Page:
[0121] In case, for the purpose of carrying out a pre-compensation of the chromatic dispersion of the signals to be transmitted, a pre-compensation pre-amplifier (PTPA) 818, 819, and a pre-compensation fiber 820, 821, can be provided between the output of the PBC1 813 or, respectively, of the multiplexer MUX1′, and the 3-dB coupler 817, as well as between the output of the PBC2 814 or, respectively, of the multiplexer MUX2′, and the 3-dB coupler 817. The amplification provided by amplifiers 826 allows to compensate for the power loss in fibers 827. The pre-compensation fibers 820, 821 can be, for example, standard fibers for positive compensation or DISCO fibers for negative compensation. Alternatively, the pre-compensation can be carried out with a chirped grating.

[0122] In a preferred embodiment of the demultiplexing subsection 82, illustrated in FIG. 3, an 1×4 router 821 of the known type, provided with one input and four outputs, is suitable to receive the 34 channels λ134 from the communication line 4, through the amplification section 9, and to split them, preferably in a cyclic sequence, on the four outputs, that is to say, by providing channels 1, 5, 9, . . . , 29, 33 on the first output; channels 2, 6, 10, . . . , 30, 34 on the second output; channels 3, 7, 11, . . . , 31 on the third output; and channels 4, 8, 12, . . . , 32 on the fourth output. In this way, in the preferred case wherein channels 1-34 are spaced from one another by 50 GHz, the separation of the channels on each output of router 821 is equal to 200 GHz, and thus it is suitable for the demultiplexing capacity of demultiplexers DEMUX described hereafter.

[0123] Router 821, for example, can comprise for this purpose a circulator with one input and four outputs, and a plurality of interference filters associated to each output so as to allow the passage only of the channels associated to said output. The four outputs are connected to as many demultiplexers DEMUX1, DEMUX2, DEMUX3, DEMUX4 822-825 (of the known type). Demultiplexers DEMUX1 822 and DEMUX2 823 have one input and nine outputs (as they also manage a protection channel each), while demultiplexers DEMUX3 824 and DEMUX4 825 have one input and eight outputs. Demultiplexers 822-825 split the respective groups of channels into the single channels, and they supply the single channels to respective amplifiers 826. Then, each channel passes through a respective dispersion-compensating fiber 827, as the fibers 820, 821, to reach a respective receiving transponder RXTn 73, 74, in the wavelength converter section 7 described above. The amplification provided by amplifiers 826 allows compensating the power loss into fibers 827.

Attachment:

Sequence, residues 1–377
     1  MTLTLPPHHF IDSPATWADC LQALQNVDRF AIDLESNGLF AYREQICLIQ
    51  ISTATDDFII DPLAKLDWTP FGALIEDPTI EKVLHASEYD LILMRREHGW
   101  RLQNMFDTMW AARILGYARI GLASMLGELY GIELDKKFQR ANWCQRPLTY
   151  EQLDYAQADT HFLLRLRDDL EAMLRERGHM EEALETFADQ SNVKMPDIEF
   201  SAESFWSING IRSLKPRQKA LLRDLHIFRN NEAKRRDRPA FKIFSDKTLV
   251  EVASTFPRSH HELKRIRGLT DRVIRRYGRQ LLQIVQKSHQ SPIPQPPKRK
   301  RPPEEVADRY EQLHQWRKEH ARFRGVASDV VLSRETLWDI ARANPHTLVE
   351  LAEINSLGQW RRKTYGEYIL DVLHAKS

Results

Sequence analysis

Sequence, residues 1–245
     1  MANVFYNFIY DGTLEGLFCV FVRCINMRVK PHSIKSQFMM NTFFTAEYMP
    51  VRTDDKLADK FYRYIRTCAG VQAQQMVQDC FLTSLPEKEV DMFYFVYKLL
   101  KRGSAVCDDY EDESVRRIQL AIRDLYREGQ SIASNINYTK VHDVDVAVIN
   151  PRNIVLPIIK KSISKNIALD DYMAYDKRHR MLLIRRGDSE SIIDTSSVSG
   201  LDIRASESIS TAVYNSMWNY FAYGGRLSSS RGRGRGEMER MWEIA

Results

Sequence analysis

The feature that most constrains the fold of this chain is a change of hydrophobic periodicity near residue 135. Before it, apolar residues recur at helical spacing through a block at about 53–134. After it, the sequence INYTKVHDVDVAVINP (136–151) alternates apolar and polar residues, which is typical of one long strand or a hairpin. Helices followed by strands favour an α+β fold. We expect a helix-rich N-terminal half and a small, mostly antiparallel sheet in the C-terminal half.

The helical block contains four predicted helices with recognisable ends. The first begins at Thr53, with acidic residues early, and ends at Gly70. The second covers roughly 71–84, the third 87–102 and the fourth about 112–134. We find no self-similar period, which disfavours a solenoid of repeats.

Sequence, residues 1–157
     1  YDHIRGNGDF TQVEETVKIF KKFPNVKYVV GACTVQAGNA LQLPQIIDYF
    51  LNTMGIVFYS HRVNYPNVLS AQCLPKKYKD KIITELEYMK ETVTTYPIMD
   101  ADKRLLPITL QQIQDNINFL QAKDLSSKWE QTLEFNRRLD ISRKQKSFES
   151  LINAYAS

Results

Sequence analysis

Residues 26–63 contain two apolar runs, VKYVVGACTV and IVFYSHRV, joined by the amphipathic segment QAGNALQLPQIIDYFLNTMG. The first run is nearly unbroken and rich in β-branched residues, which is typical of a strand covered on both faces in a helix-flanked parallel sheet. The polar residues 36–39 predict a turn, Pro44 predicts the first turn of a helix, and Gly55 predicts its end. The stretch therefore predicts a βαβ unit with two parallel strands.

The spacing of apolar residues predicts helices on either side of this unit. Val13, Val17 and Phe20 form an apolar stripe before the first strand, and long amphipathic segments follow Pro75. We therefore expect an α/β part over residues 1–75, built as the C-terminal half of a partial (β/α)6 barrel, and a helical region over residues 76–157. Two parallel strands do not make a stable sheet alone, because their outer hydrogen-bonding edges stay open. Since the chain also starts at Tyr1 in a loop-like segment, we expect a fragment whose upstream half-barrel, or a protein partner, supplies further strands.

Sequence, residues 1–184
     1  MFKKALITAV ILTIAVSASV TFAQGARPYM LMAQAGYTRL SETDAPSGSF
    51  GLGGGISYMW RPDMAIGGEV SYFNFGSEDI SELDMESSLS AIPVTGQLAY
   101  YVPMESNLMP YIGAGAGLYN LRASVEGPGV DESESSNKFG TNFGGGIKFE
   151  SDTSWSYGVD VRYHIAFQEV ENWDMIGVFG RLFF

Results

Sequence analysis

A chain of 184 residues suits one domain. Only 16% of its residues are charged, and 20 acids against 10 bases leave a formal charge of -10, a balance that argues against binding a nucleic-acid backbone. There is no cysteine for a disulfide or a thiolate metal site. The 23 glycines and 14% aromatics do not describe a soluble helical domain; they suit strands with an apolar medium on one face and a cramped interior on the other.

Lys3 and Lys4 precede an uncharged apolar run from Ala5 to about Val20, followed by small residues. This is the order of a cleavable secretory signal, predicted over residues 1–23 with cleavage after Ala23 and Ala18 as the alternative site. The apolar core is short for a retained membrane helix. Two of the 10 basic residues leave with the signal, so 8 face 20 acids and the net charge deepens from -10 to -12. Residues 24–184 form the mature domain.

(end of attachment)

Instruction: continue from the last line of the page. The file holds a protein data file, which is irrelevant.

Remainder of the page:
[0124] Of course, there are other possible arrangements not shown, for example an 1×2 router and two demultiplexers 17-to-1, with a double demultiplexing capacity with respect to those described above.

[0125] Turning again to FIG. 1, the amplification section 9 comprises, in an essentially known way, at the transmission a transmitter power amplifier (TPA) 91 for amplifying the 34 channels transmitted and supplying them, amplified, to the communication line 4, and it comprises, at the reception, a pre-amplifier 92 (PRE-L) for receiving the 34 channels from the communication line 4 and amplifying them at a level of power suitable for the reception.

[0126] Finally, the communication line 4 comprises; for each direction of transmission, a plurality of optical power amplifiers 41 (only one of them is shown in FIG. 1), each arranged between two consecutive spans 42 of optical fiber (of the known type, and with a length of, for example, a hundred kilometres each) and suitable to provide the signals with the optical power precedingly lost. The amplification sections and the communication line can substantially be as described in the international patent application PCT/EP98/03967 filed on Jun. 29, 1998 by the same Applicant.

[0127] With reference again to the commutation section 6, FIGS. 4 to 7 schematically show, in the general case of an 1:N protection, the above-mentioned functionality of the switching units 61-64.

[0128] When the input/output sections are single-head transmitting/receiving sections 5, the transmitting switching units 61, 62 have topology N×(N+1) (in the particular case, 16×17), and the receiving switching units 63, 64 have topology (N+1)×N (in the particular case, 17×16). FIG. 4 illustrates the working state: in the transmitting unit 61, 62, each input i is connected to the corresponding output i, while there is no effective signal at output N+1; in the receiving unit 63, 64, each input i is connected to the corresponding output i, while there is no effective signal at input N+1, and this is connected to no output. FIG. 5 illustrates the protection state of channel j: in the transmitting unit 61, 62, each input i is connected to the corresponding output i, with the exception of input j, which is connected to output N+1, while there is no effective signal at output j; in the receiving unit 63, 64, each input i is connected to the corresponding output i, with the exception of input j, which is connected to no output, while input N+1 is connected to output j.